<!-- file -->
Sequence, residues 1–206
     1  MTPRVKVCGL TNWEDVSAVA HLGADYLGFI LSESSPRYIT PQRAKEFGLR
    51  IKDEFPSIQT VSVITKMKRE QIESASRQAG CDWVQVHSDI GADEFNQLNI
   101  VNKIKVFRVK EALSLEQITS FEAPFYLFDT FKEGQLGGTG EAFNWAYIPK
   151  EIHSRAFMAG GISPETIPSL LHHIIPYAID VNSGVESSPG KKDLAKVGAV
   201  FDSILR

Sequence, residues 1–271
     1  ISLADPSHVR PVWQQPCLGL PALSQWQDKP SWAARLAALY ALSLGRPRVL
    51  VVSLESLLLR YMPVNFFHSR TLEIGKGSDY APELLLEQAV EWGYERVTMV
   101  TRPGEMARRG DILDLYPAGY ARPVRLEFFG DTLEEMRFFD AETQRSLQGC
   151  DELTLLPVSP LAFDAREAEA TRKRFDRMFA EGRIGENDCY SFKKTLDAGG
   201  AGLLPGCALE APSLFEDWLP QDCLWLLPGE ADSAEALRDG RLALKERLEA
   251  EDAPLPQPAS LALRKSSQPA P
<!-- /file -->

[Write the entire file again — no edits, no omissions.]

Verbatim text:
Sequence, residues 1–206
     1  MTPRVKVCGL TNWEDVSAVA HLGADYLGFI LSESSPRYIT PQRAKEFGLR
    51  IKDEFPSIQT VSVITKMKRE QIESASRQAG CDWVQVHSDI GADEFNQLNI
   101  VNKIKVFRVK EALSLEQITS FEAPFYLFDT FKEGQLGGTG EAFNWAYIPK
   151  EIHSRAFMAG GISPETIPSL LHHIIPYAID VNSGVESSPG KKDLAKVGAV
   201  FDSILR

Sequence, residues 1–271
     1  ISLADPSHVR PVWQQPCLGL PALSQWQDKP SWAARLAALY ALSLGRPRVL
    51  VVSLESLLLR YMPVNFFHSR TLEIGKGSDY APELLLEQAV EWGYERVTMV
   101  TRPGEMARRG DILDLYPAGY ARPVRLEFFG DTLEEMRFFD AETQRSLQGC
   151  DELTLLPVSP LAFDAREAEA TRKRFDRMFA EGRIGENDCY SFKKTLDAGG
   201  AGLLPGCALE APSLFEDWLP QDCLWLLPGE ADSAEALRDG RLALKERLEA
   251  EDAPLPQPAS LALRKSSQPA P